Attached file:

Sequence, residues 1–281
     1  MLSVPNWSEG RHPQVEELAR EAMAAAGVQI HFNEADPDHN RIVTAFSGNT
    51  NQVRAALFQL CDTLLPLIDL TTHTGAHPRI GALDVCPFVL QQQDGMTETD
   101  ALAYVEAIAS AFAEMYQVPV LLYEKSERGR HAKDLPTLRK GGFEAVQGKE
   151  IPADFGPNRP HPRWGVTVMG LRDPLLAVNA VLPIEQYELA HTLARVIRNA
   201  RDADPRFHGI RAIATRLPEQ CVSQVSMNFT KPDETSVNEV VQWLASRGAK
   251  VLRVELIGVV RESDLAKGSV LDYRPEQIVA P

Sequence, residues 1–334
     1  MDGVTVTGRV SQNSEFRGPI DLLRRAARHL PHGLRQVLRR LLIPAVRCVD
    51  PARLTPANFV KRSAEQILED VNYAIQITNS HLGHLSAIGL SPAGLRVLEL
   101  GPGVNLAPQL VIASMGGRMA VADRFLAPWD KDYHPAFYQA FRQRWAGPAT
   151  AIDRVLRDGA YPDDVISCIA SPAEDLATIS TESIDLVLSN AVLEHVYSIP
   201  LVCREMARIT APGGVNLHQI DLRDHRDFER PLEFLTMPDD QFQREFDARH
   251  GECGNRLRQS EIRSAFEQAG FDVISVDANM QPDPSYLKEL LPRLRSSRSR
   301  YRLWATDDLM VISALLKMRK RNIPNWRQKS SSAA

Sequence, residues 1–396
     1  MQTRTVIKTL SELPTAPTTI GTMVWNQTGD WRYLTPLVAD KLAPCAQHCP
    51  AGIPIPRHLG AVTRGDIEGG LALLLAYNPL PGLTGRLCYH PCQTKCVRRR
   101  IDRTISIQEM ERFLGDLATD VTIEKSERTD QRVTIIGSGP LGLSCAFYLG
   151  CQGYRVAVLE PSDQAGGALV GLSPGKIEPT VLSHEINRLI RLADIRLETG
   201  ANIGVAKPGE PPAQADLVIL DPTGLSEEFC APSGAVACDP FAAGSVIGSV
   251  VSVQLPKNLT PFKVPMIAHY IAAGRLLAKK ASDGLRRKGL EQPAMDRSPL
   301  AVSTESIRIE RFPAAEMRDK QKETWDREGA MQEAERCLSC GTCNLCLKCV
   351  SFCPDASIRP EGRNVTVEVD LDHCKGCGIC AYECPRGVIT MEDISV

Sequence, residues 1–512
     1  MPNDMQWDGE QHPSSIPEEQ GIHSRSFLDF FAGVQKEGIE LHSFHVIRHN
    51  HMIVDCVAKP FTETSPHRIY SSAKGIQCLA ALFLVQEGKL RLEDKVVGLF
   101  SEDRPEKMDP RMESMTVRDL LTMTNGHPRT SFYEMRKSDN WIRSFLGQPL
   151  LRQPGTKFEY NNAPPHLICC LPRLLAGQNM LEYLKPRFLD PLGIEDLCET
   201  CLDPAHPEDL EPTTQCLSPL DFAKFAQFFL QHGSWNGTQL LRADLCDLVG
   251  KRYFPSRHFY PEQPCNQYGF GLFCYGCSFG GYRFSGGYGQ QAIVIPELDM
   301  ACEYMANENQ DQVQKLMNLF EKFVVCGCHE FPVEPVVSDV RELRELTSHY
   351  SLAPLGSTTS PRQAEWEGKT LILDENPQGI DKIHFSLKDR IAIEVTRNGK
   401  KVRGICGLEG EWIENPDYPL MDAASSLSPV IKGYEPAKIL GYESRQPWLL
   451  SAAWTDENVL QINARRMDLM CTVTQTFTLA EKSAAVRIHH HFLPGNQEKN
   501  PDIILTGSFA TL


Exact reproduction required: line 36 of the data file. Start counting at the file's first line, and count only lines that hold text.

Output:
   501  PDIILTGSFA TL